Passing of Joyce Neighbors- Alabama Apple Hunter

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In November of 2013, while sitting in my house in a holler in the middle of nowhere Virginia, I decided to take Lee Calhoun’s book, Old Southern Apples, off the shelf. I did this nearly every day, opening it up to a random page and reading the contents- sort of like one would with a daily calendar. On this particular day, I opened it up to a page mentioning the apple variety ‘Granny Neighbors.’ The explanations follows:

In her self-published book, Apples: Collecting Old Southern Varieties, nurserywoman Joyce Neighbors of Gadsden Alabama, writes: “A seedling apple variety found on my Dad’s farm in Clay County about 1975. . . and was growing in a trash dump about 50 feet from a hackworth (apple) tree. . . My dad named the tree after my mother. This apple variety has grown well in Illinois, where it was “one of the hits of this year’s tasting.” Fruit medium size, roundish conical; skin pale yellow splotched with red and some faint stripes; stem almost long in a wide, russetted cavity; dots scattered, large and small, grey; calyx greenish, open; basin corrugated, moderately shallow; flesh yellow, subacid; Ripe August. No catalog listing.

As with all apple books who mention someone’s name, I wondered if Joyce Neighbors was still alive. After posting in NAFEX’s (North American Fruit Explorers) facebook page, I learned that she had corresponded with others in the past year and was, more than likely, still around! I then tried to find her address online and noticed her place was for sale. With that, I vowed to go and see her as soon as I could.

In January of 2014, when driving down to attend the Southern Sustainable Agriculture Working Group (SSAWG) Conference in Mobile, Alabama, I stopped and knocked unannounced on Joyce Neighbor’s door. When the door opened, I told her that I was here because of apples, and she let me in without hesitation.

Some older apple people will tell you that they don’t have much to offer when you want to come visit. This is, of course, an exaggeration..but in the case of Joyce it at first seemed as if she had taken on her orchard as a representation of herself.  “There’s not much left of the orchard…” she told me when I first visited. “I had a guy working for me who was helping to fight back the brambles and prune the trees, but he stole from me and I had to get rid of him.”  When I asked if I could see the orchard, she told me that she wouldn’t let me go by myself, and her legs wouldn’t let her go with me. I honored her request not to go into the orchard that day, knowing I’d be able to see it someday.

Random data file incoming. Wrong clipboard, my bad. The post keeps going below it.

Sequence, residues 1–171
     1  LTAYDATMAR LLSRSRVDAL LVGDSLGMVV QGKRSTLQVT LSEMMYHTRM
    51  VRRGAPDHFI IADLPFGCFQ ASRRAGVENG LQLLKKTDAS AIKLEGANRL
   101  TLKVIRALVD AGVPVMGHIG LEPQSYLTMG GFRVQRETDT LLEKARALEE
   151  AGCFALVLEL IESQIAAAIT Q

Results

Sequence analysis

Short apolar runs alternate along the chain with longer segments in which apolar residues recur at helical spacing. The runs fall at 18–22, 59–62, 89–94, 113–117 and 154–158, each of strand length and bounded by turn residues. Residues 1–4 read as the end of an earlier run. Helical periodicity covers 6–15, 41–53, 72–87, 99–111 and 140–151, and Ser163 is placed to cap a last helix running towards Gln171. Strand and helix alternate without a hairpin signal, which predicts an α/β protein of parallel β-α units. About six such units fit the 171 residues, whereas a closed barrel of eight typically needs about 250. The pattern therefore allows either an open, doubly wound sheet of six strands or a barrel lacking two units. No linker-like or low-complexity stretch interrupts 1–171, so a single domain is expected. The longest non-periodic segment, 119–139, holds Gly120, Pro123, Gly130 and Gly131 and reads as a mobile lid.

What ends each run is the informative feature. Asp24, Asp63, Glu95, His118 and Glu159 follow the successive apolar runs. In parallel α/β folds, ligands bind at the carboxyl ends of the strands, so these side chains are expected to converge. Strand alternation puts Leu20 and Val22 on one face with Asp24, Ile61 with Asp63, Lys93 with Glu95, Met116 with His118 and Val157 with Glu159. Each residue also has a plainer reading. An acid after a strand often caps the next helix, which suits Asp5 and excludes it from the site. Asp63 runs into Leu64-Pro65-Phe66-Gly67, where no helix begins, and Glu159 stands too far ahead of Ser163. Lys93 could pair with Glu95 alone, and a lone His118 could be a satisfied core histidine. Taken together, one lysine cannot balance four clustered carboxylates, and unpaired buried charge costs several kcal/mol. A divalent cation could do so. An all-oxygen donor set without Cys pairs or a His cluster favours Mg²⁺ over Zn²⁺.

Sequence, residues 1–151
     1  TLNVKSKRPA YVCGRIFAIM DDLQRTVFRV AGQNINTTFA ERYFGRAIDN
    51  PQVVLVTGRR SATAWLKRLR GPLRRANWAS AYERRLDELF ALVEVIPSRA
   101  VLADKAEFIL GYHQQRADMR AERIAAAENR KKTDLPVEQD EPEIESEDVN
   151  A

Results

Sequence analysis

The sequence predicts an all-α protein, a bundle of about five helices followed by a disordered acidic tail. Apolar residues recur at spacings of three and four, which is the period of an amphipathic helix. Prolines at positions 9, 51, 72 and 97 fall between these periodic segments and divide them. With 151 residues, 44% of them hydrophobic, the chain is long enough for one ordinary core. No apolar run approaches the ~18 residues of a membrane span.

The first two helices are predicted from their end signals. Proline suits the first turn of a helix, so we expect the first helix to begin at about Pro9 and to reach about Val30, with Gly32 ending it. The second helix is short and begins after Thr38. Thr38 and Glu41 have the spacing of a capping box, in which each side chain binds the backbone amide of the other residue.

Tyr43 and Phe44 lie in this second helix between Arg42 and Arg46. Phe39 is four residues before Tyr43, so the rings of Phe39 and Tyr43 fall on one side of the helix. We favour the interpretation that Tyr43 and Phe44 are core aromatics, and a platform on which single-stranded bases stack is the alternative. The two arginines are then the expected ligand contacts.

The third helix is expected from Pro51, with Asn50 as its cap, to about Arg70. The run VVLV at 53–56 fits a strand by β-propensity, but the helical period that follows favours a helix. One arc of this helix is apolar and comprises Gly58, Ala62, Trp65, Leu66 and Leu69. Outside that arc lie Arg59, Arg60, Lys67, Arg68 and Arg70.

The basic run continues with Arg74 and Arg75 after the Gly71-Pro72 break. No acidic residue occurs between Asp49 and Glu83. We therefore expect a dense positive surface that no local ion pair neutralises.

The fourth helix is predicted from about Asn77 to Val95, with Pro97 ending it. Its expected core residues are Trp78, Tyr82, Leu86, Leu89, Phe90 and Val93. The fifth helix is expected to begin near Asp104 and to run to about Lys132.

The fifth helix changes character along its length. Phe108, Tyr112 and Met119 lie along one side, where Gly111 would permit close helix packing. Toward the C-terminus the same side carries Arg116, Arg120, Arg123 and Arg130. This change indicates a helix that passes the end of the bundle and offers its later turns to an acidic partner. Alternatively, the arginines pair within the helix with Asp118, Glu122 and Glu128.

Before she became a fruit hunter, Joyce worked for a retired army general for 22 years and that experience taught her organizational skills beyond what most people consider to be proficient. She was an ambitious soul, where after a full day at work, she would stay up until 2 am every night, working on an over-the-mail business management correspondent course.  Joyce finished this two year course in 6 months.

She was never married, having chosen to take care of her younger sister instead. The years of stress involved in taking care of her sister had taken a toll on her nervous system and by 2000, she had developed tremors in her hands and neck. Shortly before I had visited, her sister was put into an assisted living facility because Joyce was no longer able to care for her properly.  Since then, things seemed to be looking up for Joyce. Her tremors had greatly improved and she was once again able to write her name using a pen and paper.  Aside from the phone, her primary method of communication was through email. She was incredibly computer savvy for her age.

When looking at Joyce’s computer, a large desktop, her screen saver flashed apple after apple after apple, all different varieties. I watched for a long while, waiting for the slide show to end, but it kept going. Hundreds of pictures of apples, many of which she had taken. Only a few of them were labeled on the screen saver, yet she knew every one of them by heart. “Buff, Cherryville Black, Wolf River, Early Cortland…now those are ones I grew!” “Maidens Blush, Spartan, Iron Black and Sal, Betsy Crocket, PawPaw Sweet.” This went on and on…

“Red Rebel!” She yelled as it passed along her screen. Her brother’s wife had a red rebel apple tree growing in her parent’s front yard.  Her Brother drove a truck under the tree so he could reach up there and take cuttings for Joyce to graft. Red Rebel was a better tasting apple than Carter’s Blue, the way Joyce grew it in her orchard. “Lee Calhoun said it was a good apple, too. But it’s not the Rebel he’s been looking for,” she said. “Make sure that everyone knows it. My Red Rebel is not Rebel!”

“That’s one right there! White Buckingham! Now you gotta get White Buckingham from Tom Brown. It’s the biggest apple you’ll find. Bigger than Gloria Mundi.”


She got so excited watching that slide show with me and calling out the names. Though her orchard was inaccessible to her in her own back yard,  it was preserved in the form of a screen saver.  She could watch it for hours on end, reminiscing about the flavors and growth habits and the hunt for each.

Joyce got into hunting apples when it became evident that she needed to save some apple trees off of her Father’s farm (one of them being Granny Neighbors). In 1979, She ordered a grafting kit from Stark Brothers and got Jim Lawson to sell her 10 rootstock (m7 she thought). She went by the directions in the grafting manual sent from Stark Brothers, and all 10 of them took. From there, a nursery business was born. January 14th, 1985- Joyce got her nursery license from the State of Alabama.